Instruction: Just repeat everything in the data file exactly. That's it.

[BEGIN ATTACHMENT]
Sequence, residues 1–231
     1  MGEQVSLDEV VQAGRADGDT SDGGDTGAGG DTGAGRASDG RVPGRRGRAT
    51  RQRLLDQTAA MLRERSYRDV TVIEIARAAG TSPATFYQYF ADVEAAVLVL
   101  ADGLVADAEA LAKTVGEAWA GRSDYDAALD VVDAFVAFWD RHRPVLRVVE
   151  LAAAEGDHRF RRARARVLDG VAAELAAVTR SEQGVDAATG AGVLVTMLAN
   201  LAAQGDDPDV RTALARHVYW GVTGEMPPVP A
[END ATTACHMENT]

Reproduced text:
Sequence, residues 1–231
     1  MGEQVSLDEV VQAGRADGDT SDGGDTGAGG DTGAGRASDG RVPGRRGRAT
    51  RQRLLDQTAA MLRERSYRDV TVIEIARAAG TSPATFYQYF ADVEAAVLVL
   101  ADGLVADAEA LAKTVGEAWA GRSDYDAALD VVDAFVAFWD RHRPVLRVVE
   151  LAAAEGDHRF RRARARVLDG VAAELAAVTR SEQGVDAATG AGVLVTMLAN
   201  LAAQGDDPDV RTALARHVYW GVTGEMPPVP A